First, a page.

New Book by Dr. Christopher Metzler, Georgetown Associate Dean explores the impact of race on the 20 The race card is central to the 2008 presedential election. This provactive new book by Georgetown's Christopher Metzler is the first t he first to explore race and the elections.
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August 01, 2008 (Washington, D.C.) – For the first time in American history, a major political party will nominate a black man its presidential candidate. America, and in fact much of the world is abuzz about what the election of Barack Obama means about America’s preoccupation with race. Dr. Christopher J. Metzler, Associate Dean at Georgetown University’s School of Continuing Studies puts Obama’s nomination in perspective by exploring America’s past and not so recent history with race. Metzler is a global scholar and thought leader in the areas of human rights, civil rights, Critical Race Theory, Corporate Social Responsibility, diversity, equity and Human Resources.
In The Construction and Rearticulatation of Race in a “post-racial America” published this week he takes a hard look at the racial politics of the present election by analyzing the roles of the candidates and the media.
Part heaving hitting analysis and part reflection on how America has constructed and rearticulated race, the book begins with slavery and its role in the creation of race, critiques the role of the NAACP in the civil rights movement, exposes some of its most significant missteps in the fight for civil rights and offers a useful comparison between civil and human rights. Metzler deftly exposes the racial thinking that has “become as American as motherhood and apple pie.”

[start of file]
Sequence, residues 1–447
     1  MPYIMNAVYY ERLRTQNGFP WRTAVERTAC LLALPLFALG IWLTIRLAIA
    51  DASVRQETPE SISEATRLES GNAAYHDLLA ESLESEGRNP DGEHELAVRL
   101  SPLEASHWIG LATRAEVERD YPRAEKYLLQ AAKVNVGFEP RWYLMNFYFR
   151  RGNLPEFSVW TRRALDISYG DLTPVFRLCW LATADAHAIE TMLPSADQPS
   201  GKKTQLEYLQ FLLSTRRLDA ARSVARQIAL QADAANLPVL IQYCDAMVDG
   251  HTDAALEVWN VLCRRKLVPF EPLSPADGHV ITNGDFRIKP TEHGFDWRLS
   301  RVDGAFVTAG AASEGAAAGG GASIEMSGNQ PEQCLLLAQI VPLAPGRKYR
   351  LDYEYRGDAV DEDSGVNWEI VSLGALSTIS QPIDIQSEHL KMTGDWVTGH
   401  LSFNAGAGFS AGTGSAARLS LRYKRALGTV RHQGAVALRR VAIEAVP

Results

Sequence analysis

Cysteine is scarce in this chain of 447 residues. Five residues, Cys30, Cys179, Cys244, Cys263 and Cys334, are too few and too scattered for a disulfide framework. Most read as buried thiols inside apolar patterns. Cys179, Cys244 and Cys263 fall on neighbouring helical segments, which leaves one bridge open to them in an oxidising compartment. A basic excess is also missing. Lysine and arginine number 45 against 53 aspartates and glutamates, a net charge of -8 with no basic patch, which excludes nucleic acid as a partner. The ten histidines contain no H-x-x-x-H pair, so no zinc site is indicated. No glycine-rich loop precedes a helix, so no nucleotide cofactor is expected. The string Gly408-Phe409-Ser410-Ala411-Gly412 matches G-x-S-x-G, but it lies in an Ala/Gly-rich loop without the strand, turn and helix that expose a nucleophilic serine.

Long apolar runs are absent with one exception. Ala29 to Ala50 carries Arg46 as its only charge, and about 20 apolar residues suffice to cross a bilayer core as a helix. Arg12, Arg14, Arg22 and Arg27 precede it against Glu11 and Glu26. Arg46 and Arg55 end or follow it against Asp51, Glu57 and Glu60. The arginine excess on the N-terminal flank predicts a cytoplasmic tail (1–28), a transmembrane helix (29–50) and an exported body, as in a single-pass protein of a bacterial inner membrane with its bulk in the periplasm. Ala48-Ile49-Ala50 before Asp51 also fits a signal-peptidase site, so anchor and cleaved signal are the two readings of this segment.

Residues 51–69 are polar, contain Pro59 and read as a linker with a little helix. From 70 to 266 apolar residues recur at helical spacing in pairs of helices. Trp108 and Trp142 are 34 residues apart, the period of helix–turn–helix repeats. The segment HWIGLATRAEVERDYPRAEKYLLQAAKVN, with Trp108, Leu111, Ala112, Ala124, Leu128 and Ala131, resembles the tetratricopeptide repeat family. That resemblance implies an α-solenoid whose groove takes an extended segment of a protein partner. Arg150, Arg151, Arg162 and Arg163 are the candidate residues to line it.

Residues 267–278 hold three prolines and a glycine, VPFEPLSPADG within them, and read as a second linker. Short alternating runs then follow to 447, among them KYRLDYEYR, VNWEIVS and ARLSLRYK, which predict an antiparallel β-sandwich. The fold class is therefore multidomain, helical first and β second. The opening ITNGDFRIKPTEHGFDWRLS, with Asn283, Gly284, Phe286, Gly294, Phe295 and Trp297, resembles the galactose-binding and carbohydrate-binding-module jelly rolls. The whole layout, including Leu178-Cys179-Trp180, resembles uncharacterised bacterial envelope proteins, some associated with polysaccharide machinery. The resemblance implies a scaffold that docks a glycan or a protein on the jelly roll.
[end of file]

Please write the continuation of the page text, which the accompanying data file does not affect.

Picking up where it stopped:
He uses the racial thinking rubric to explain why and how the media has become so fascinated with the Obama presidency. He also uses that rubric to expose how both McCain and Obama will use racial thinking as part of their electoral strategy. The question he poses is which one will make it work for him.
As he relates the story of race in America, Metzler also offers a stinging critique of rap music and its scourge on the black community. He does this by comparing the racial stereotypes of the Jim Crow era and how rap music has repackaged those images for profit with wanton abandon. According to the book, "rap is the new crack.” Metzler said, "Some argue that reparations should be paid for slavery. Where are the reparations for rap music?”
According to Metzler, an element of insecurity about issues of race is what propels the need to hold onto racialized thinking. "The issue of race and racism in America is a central tenant in this election whether Obama and McCain want to admit it or not," he writes, “the election of Barack Obama will not simply make racism go away as some pretend that it will.” He also exposes the absurdity of the term” post-racial America” as an effort by liberals and the American media to avoid discussing the prominence of race.
As he writes in the book: "Modern-day white supremacy is maintained not through racial invective and subordinative violence; it is instead maintained through the symbiotic and codependent relationship of colorblindness, class primacy and integrationist ideology.”
Metzler skillfully explains and deconstructs the state of race in modern day America and